American Pharmaceuticals Keep Getting More Expensive, And Drug Market Transparency Isn’t Likely

Robert Donachie | Capitol Hill and Health Care Reporter

State and federal regulators may encounter a few road blocks as they push for greater transparency in pharmaceutical pricing.

A recent Vermont law, the first of its kind in the U.S., aims to peel back the curtain on the rather obfuscated drug market. The law instructs state officials to report up to 15 drugs that had price increases by at least 15 percent in the previous year, or 50 percent over the last half-decade, the Wall Street Journal reports.

Vermont’s attorney general then must investigate and clarify any discrepancies in an official annual report. Companies have to disclose in a written statement to Vermont’s AG why the drug’s price is rising so rapidly.

The first report was issued a month ago and shows a key flaw in an otherwise prudent measure. The law has a confidentiality agreement between state regulators and pharmaceutical companies, such that none of the companies written, detailed responses can be published.

While all the companies that had steep price increases were listed, none of their answers to the attorney general’s office are included. Instead, the report gives a cursory explanation, listing no specific details or responses from company leadership. This is a loss for consumers or medical professionals seeking answers as to why the cost of their drug is increasing so dramatically.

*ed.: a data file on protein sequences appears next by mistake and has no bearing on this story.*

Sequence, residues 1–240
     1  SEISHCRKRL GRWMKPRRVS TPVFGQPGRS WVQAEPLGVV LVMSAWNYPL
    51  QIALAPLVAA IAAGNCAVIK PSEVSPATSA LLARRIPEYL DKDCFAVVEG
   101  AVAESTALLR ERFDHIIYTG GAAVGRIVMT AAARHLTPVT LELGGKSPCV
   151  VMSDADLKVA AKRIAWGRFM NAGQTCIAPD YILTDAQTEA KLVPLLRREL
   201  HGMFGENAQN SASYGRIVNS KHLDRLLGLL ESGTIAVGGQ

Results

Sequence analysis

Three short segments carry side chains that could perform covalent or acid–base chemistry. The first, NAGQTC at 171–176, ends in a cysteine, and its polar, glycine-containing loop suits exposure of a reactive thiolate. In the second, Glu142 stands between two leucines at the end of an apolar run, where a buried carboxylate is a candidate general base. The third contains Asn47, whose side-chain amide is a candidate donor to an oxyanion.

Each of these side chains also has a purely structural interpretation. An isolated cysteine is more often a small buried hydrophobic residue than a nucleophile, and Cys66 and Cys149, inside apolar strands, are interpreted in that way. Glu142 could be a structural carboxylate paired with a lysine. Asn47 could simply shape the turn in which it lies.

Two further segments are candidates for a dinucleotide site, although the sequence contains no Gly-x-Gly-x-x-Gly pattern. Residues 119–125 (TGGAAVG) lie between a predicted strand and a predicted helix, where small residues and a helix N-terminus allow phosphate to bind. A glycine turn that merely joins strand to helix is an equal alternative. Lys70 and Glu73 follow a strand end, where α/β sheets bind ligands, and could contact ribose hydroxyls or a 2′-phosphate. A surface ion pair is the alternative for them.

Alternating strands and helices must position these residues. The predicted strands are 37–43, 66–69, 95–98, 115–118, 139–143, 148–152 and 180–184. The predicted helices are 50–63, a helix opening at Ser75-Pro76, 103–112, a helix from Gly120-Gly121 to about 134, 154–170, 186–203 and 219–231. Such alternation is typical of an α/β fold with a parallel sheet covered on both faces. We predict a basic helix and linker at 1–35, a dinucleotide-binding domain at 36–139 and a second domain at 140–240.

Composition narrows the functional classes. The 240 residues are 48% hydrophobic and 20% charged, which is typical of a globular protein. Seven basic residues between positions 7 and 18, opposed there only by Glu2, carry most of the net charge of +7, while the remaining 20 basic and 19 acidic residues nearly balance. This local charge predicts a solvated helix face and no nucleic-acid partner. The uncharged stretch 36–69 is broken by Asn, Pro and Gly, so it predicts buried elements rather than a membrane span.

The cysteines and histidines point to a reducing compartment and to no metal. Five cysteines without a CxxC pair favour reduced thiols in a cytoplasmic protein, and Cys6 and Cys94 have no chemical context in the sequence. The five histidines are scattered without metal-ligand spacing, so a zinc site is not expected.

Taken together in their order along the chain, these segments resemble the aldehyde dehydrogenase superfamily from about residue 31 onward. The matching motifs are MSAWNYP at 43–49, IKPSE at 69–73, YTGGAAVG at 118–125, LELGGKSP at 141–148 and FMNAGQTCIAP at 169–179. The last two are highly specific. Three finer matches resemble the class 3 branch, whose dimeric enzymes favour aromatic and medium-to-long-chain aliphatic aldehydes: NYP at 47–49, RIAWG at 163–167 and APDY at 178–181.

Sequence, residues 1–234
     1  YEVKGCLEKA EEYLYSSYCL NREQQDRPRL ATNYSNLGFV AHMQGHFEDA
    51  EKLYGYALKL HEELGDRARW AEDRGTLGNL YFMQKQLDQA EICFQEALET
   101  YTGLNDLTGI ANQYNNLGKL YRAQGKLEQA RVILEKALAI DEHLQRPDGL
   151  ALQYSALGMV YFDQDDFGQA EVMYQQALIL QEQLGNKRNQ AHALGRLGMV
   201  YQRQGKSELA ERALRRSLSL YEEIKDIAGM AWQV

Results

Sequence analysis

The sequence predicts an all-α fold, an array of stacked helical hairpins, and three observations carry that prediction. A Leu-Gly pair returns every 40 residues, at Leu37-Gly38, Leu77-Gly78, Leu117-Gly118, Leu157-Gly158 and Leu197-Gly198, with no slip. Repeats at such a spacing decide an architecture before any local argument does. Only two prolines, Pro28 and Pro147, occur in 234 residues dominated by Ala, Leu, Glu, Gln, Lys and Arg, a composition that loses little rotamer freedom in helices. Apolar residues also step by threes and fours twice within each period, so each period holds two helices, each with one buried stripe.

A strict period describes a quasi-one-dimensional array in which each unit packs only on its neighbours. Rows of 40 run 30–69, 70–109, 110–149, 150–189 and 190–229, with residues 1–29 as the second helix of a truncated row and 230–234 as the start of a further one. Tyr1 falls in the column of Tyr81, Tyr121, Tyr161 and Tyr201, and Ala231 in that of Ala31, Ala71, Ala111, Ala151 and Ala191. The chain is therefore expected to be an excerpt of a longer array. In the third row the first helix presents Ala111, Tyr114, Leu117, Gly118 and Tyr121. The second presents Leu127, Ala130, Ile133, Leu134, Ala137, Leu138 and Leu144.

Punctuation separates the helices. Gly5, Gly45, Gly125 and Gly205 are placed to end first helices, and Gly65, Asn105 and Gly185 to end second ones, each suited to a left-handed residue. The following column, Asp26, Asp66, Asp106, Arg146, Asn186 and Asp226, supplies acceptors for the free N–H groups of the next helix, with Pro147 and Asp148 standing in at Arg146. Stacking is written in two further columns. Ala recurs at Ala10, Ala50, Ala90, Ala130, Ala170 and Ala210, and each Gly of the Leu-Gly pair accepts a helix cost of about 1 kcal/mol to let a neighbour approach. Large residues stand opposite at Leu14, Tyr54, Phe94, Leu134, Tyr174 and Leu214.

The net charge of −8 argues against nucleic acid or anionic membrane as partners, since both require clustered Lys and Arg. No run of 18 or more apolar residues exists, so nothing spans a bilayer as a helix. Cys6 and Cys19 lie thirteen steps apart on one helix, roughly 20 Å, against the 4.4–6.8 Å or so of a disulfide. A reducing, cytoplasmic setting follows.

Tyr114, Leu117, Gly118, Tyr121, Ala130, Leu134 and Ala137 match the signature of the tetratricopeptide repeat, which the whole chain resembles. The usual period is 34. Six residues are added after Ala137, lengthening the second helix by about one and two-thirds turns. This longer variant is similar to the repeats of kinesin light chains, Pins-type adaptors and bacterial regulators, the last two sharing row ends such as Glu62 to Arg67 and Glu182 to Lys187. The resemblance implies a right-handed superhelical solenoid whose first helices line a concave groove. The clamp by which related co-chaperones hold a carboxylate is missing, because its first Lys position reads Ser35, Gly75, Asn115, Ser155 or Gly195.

Americans’ chief concern regarding drug pricing is ensuring that high-cost drugs for chronic diseases stay affordable for all. In fact, 76 percent of Americans hold this belief, according to the Kaiser Family Foundation.

Pricing of pharmaceuticals came into the public discourse when it was discovered in August that Mylan, the maker of the life-saving epinephrine injection device EpiPen, raised the price of the EpiPen 461 percent in under a decade.

Vermont is not the only state to take up price transparency measures, California has also taken up the initiative. National politicians have taken to the idea as well. Sens. John McCain and Tammy Baldwin put forth bipartisan legislation last September that would require drug companies to justify any price increases to the federal government over 10 percent.

For its part, the pharmaceutical industry has heavily lobbied against any measures to increase pricing transparency.

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